Delaying school start times to improve adolescent sleep and well-being has been shown to be beneficial in Western cultures, but its usefulness in East Asian countries where students are driven to trade sleep for academic success is less clear. The sustainability of sleep habit improvement is also not well characterized. In this study, students in a Singapore school demonstrated improvements in sleep and well-being at 1 month after a 45-min delay in school start time, and these positive changes were maintained at 9 months.

Read this article in the news [Link to Science Daily] or view the full article here.

27 March 2018


Sleep deprivation (SD) consistently degrades performance in tasks requiring sustained attention, resulting in slower and more variable response times that worsen with time-on-task. Loss of motivation to exert effort may exacerbate performance degradation during SD. To test this, we evaluated sustained performance on a vigilance task, combining this with an effort-based decision-making task and pupillometry. [Download Article]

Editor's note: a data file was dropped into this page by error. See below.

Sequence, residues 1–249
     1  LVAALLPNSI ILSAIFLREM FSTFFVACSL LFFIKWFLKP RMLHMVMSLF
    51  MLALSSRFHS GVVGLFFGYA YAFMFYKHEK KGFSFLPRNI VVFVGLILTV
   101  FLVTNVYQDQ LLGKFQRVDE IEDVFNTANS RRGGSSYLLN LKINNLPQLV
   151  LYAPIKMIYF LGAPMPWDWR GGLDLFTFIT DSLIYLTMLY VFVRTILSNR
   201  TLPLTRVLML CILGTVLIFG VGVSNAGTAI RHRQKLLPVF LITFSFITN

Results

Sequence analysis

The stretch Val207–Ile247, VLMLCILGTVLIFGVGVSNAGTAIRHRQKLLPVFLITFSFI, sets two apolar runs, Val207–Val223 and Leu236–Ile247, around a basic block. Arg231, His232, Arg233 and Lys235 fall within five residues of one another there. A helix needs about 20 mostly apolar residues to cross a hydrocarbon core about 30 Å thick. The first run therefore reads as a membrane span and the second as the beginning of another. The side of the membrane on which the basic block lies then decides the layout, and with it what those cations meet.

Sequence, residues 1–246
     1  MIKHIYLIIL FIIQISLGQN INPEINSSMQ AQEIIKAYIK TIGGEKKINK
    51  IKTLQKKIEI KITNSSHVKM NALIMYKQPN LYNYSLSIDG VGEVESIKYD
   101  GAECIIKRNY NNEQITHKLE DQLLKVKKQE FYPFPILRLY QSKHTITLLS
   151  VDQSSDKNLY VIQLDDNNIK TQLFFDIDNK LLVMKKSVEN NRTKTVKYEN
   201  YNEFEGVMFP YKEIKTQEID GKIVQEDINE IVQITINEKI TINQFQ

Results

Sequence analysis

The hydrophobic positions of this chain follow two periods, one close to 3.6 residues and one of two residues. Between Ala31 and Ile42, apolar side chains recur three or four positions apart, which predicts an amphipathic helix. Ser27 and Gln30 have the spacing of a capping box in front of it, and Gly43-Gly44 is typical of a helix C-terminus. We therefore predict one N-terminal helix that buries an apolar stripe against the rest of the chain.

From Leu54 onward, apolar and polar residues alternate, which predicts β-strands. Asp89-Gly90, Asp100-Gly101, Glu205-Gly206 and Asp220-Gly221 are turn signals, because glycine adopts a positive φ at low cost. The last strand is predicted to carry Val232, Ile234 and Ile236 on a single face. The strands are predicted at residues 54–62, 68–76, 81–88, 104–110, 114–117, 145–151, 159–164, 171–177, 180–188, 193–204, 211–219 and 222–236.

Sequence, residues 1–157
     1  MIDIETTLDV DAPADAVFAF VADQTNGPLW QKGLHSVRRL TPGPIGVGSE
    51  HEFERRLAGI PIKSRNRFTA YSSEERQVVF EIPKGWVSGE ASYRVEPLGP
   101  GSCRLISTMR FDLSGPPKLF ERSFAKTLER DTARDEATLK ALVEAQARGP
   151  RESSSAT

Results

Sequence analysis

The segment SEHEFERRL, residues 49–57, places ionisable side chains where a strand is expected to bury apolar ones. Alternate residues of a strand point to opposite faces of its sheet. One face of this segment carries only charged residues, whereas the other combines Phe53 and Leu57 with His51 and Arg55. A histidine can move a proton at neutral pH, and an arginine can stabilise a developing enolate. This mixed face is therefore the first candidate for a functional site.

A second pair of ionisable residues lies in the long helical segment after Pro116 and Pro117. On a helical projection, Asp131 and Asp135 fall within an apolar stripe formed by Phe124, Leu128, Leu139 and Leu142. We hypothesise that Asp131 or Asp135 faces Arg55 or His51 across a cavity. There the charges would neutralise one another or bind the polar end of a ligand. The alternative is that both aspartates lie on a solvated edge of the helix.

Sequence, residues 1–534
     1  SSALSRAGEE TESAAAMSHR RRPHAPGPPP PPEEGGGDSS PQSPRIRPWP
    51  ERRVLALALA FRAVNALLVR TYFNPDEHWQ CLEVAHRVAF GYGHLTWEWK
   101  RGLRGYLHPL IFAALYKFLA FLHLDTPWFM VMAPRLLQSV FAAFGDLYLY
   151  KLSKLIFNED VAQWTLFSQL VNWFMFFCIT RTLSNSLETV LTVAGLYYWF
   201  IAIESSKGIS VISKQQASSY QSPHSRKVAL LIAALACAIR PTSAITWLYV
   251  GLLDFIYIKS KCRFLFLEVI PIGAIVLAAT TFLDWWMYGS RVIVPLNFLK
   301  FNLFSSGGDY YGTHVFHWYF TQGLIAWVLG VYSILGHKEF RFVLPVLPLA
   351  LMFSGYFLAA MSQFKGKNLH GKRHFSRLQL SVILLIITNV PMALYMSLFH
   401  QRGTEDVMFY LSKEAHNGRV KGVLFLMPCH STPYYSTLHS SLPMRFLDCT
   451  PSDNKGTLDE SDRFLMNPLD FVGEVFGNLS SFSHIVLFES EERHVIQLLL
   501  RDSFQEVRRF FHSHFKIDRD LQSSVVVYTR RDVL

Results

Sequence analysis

26 March 2018


Sleep staging is a fundamental but time consuming process in any sleep laboratory. To greatly speed up sleep staging without compromising accuracy, we developed a novel framework for performing real-time automatic sleep stage classification. Using this system, an entire night’s sleep was staged with an accuracy on par with expert human scorers but much faster (≈5 s compared with 30–60 min). [Download Article]

19 March 2018


Prospective memory is defined as remembering to do something at a particular moment in the future and may be modulated by sleep. Here, we investigated whether multiple nights of partial sleep deprivation would affect the successful retrieval of intentions. [Download Article]


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Of Interest

Adolescent Sleep and Educational Performance

We know that sleep is fundamental for learning, memory consolidation and information processing, alongside restoration and repair of the body. Adolescents are particularly vulnerable to sleep disruption around puberty, as both physical and behavioural changes impact upon sleep, which, in turn, can influence their ability to engage in the classroom and learn.